Upper Arlington News

City notes

Use of RITA saves money for city

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It's no secret that income taxes represent the city's largest revenue source.

Since the elimination of the estate tax last year and local government fund reductions, the importance of income taxes to the city's bottom line has only increased.

With tax season upon us, and the April 15 filing deadline rapidly approaching, the Finance and Administrative Services Department relies greatly on assistance from the Regional Income Tax Authority (RITA) to administer the income taxes owed to Upper Arlington by UA workers and residents.

UA has been using RITA's services since 1988. The largest organization of its kind in Ohio, RITA is a council of governments that provides income tax collection services for more than 200 cities in Ohio, including 12 municipalities in central Ohio.

RITA is an example of a longstanding shared service that has been saving UA and other communities a great deal of money and resources over the years. Due to its size and structure, the services provided are comprehensive and efficient, and by participating in this shared centralized service, the city realizes a lower cost for processing payments and income tax returns -- typically, less than 2 percent of the actual income tax revenue collected.

If the city were to perform these same tasks, we would need additional staff that would include clerks to process payments and input the data from all the filed tax returns, and audit staff to review returns for accuracy. Likewise, we would need additional workspace for this function and we would need to continue to invest in hardware and software for income tax processing and the storage of returns.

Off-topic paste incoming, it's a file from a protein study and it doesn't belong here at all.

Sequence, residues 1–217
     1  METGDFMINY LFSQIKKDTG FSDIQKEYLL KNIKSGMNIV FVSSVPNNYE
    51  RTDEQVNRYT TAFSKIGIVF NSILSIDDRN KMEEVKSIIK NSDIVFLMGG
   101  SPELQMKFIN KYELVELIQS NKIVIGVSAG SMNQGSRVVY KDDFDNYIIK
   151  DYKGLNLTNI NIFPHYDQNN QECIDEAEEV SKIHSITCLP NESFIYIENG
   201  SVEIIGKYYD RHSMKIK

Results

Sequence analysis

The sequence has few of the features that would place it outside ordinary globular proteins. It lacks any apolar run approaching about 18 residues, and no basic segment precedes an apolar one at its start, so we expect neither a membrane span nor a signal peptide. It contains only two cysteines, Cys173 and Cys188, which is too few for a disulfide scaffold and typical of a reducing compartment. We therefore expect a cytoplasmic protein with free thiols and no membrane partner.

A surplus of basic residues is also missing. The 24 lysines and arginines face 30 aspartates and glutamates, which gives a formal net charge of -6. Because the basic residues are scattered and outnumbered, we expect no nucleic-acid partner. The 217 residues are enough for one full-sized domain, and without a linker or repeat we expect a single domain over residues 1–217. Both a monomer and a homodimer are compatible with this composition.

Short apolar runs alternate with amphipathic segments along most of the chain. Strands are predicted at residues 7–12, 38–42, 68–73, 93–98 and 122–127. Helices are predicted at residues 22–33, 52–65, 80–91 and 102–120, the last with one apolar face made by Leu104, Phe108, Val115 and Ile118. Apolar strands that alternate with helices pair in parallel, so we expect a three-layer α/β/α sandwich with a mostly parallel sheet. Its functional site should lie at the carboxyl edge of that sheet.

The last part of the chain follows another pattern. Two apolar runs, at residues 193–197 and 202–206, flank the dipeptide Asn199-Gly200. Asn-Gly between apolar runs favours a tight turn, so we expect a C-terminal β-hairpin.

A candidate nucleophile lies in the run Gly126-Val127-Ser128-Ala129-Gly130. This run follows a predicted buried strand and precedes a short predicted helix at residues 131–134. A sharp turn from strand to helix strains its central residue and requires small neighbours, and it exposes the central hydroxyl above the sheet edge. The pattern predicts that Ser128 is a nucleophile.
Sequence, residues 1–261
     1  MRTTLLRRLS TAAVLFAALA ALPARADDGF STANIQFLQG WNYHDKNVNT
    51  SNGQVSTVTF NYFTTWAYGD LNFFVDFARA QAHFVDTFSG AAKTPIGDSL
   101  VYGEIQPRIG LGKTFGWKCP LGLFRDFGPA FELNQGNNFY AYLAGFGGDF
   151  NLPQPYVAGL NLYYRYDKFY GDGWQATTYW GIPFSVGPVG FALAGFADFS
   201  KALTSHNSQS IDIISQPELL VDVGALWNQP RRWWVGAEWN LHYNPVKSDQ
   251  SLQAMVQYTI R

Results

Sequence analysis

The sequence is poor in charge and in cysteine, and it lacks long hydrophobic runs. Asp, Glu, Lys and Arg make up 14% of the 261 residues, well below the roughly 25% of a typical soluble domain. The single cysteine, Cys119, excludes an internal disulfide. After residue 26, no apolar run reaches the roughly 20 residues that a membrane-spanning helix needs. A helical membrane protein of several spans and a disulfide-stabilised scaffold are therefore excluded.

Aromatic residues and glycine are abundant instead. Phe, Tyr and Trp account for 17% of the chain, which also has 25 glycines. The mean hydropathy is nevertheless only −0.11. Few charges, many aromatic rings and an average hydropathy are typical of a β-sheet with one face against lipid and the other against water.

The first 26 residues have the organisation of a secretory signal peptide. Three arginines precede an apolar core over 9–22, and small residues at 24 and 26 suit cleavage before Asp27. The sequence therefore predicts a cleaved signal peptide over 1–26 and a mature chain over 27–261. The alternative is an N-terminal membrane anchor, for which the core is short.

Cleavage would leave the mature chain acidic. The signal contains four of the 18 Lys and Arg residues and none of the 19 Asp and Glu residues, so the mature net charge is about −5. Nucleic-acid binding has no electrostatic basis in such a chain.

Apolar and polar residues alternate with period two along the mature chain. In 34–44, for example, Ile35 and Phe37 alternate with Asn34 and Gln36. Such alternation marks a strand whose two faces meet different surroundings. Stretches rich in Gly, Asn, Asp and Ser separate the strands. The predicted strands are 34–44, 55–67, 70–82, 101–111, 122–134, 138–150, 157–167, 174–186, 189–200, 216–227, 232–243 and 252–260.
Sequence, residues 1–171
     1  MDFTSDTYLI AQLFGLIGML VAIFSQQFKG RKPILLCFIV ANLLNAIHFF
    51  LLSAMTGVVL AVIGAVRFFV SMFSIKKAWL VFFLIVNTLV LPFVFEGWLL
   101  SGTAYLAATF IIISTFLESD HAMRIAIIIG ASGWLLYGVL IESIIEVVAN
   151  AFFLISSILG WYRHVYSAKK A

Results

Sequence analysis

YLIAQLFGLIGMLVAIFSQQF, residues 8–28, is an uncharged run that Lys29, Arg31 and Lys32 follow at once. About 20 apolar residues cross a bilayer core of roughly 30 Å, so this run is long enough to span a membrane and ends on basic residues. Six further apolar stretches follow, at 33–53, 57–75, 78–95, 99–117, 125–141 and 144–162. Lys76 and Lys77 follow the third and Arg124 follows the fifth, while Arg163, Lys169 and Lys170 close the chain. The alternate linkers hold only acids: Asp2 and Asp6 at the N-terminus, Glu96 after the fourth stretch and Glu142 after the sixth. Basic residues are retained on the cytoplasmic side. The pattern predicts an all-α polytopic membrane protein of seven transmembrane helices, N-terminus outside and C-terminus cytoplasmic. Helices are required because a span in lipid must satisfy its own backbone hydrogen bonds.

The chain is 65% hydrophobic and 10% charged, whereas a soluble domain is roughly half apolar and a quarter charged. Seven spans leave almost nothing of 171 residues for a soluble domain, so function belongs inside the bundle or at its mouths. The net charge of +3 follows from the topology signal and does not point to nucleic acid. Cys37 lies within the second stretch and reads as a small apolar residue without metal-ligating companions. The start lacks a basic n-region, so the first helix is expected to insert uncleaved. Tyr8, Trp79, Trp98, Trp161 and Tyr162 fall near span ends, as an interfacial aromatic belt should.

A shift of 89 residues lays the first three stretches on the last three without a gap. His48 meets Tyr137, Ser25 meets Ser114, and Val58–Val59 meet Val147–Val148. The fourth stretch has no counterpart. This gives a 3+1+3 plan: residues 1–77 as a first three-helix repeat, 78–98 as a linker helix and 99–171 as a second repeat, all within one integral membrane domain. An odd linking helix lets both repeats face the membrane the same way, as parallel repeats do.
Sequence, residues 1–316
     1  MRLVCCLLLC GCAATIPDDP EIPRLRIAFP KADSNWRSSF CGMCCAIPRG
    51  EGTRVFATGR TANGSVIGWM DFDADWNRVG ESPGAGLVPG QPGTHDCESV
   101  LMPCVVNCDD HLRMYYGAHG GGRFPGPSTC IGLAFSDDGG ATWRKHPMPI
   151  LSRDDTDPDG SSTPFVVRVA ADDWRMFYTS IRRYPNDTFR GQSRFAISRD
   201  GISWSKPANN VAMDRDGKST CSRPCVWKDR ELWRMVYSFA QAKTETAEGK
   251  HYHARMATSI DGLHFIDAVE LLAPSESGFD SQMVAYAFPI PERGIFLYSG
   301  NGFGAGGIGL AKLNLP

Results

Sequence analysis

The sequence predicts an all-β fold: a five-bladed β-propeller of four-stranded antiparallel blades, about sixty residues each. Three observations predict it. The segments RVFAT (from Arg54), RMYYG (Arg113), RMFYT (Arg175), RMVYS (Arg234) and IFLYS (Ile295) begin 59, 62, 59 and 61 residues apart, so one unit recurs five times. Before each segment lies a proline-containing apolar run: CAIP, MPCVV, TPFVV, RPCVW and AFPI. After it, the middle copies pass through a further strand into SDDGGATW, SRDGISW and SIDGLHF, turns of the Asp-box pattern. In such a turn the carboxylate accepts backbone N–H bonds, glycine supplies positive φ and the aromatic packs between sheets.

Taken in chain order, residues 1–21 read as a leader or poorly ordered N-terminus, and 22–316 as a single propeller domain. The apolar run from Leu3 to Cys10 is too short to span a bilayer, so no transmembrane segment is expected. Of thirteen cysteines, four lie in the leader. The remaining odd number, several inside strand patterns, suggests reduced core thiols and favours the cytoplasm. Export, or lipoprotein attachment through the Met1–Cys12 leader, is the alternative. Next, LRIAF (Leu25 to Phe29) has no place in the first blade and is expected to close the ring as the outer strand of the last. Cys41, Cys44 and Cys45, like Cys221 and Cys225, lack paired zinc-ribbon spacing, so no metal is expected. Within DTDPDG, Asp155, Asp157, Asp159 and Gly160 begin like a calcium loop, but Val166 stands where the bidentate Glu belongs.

It's clear that these costs would add up very quickly.

I can't think of too many people who enjoy paying taxes from their hard-earned income, so when a hiccup occurs at filing time, none of us are likely to be in a good frame of mind if we have to work with RITA or any other taxing agency to resolve the issue. So while the size and structure of RITA may not result in the personal touch you are used to when you work directly with city staff on other issues, it's important to remember that we use this service in the interests of efficiency.

For more information about RITA and for quick access to its e-filing services, visit www.uaoh.net.

 

Public meetings

It's a new year, with a new list of construction projects ahead for UA. Among the first out of the gate are two Columbia Gas main pipeline replacement projects, scheduled to begin this month:

Edgemont and Devon AMRP -- the area bounded by Cambridge Boulevard, Guilford Road, Arlington Avenue and Stanford Road (phase I); and the area bounded by Arlington Avenue, Waltham Road, Andover Road and Stanford Road (phase II).

Westmont and Northam AMRP -- the area north of Lane Avenue, west of North Star Road, south of Northam Road and east of Brandon Road.

Columbia Gas is hosting a public meeting to run through what to expect and to address any questions or concerns residents may have. The meeting is scheduled for 6 p.m. Monday, April 14, at the Tremont Library Theatre, 2800 Tremont Road.

For both projects the work will involve replacing existing steel pipelines with new plastic lines. For many households on the affected streets, the work will mean running new service lines up to homes and the relocation of interior gas meters to the outside. At each stage in the process, Columbia Gas representatives will contact residents in advance -- to locate any sprinkler systems or invisible fences before work begins, to determine the best location for the new meter and in advance of making the service transfer.

Theodore J. Staton is Upper Arlington's city manager.

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